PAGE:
Break the Chains

A metallic chain with an explosed link.It was years ago, speaking with someone I had thought I knew well. But the longer she talked, the more sick-to-my-stomach I felt. I had been in relationship with her and her husband for over 30 years. Through the years, I had witnessed the deep love they shared. As such, it was especially difficult for me to hear her story. “I was raised in a time and a place where the man was boss,” she said. “That doesn’t mean we were not in love; but frankly it was also clear that I was his possession. ” It was this last word: “possession,” that was the most challenging for me to hear.

There were two other times in my life that another human being told me that they were somebody else’s possession. One was a woman who lived in modern slavery, and the other was a young person who was in a very abusive situation. I did my best to listen and to understand, and to help.

All three of these conversations were some of the most difficult I have ever been a part of. Human history has a long and sordid past of treating people as property. Women, children and those from minority ethic, religious or geographical backgrounds have been treated with particular injustice.

At our recent convention, I stated: “Every day young people are bought and sold — every day, in Minnesota.” Subsequently, a number of people have shared with me how shocked they were that young people in Minnesota were being treated this way. It is shocking — the fact is human trafficking is very prevalent across our country and, yes, right here in Minnesota.

One of our core values is, as we proclaim in our Baptismal Covenant, that we will “respect the dignity of every human being.” Any time, in any situation where we treat another as: less than, inferior, or as our possession — regardless if they are our spouse, child, employee or anyone else — we are no longer respecting them as a human being or as a child of God.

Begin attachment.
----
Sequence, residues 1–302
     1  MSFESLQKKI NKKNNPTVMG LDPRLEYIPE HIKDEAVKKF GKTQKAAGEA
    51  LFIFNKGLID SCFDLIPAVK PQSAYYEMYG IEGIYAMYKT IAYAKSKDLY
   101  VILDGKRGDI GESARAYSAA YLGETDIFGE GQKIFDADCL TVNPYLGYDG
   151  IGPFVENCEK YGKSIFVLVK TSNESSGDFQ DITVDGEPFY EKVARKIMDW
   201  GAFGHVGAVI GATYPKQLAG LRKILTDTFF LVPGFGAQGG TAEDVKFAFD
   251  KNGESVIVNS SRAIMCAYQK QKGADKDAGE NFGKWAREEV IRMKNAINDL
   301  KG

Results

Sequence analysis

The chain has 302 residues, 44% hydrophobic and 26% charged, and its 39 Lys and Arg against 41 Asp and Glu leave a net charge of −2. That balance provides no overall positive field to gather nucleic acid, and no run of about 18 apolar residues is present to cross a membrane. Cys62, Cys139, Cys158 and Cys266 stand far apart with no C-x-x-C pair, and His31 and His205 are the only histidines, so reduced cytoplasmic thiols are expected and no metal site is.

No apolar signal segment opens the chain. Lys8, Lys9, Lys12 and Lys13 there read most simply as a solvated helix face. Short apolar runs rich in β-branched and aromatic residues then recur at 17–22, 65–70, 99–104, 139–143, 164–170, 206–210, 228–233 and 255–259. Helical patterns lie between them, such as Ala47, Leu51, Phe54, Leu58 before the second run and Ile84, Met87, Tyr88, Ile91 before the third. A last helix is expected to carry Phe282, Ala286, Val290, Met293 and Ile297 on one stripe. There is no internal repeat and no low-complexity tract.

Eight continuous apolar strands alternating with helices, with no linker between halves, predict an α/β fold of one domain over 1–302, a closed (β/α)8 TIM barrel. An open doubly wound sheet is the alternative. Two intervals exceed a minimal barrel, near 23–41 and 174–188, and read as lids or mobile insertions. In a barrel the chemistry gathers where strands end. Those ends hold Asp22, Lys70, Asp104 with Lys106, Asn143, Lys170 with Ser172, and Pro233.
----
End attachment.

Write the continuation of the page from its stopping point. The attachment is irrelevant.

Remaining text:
Please get involved. Please pay attention. Please become aware that those who may be being treated unjustly may be closer than we think.


If you hear that someone you know is being treated as a possession, here are places for you to turn for help and guidance:

If you or someone you know has been forced into prostitution in Minnesota, please call the National Human Trafficking Resource Center (NHTRC) at 888.373.7888.

If you believe that a child is being exploited or treated as a possession, contact your county’s human services department for help.

If you believe an adult you know is being exploited or abused, call the National Domestic Violence Hotline: (800) 799-7233 or 1-800-787-3224 (TTY)

1 thought on “Break the Chains”

  1. Wonderful! Thank you, bishop prior for standing up and telling it as it is!

    Charles William Preble “Old men ought to be explorers. -TS Eliot 3


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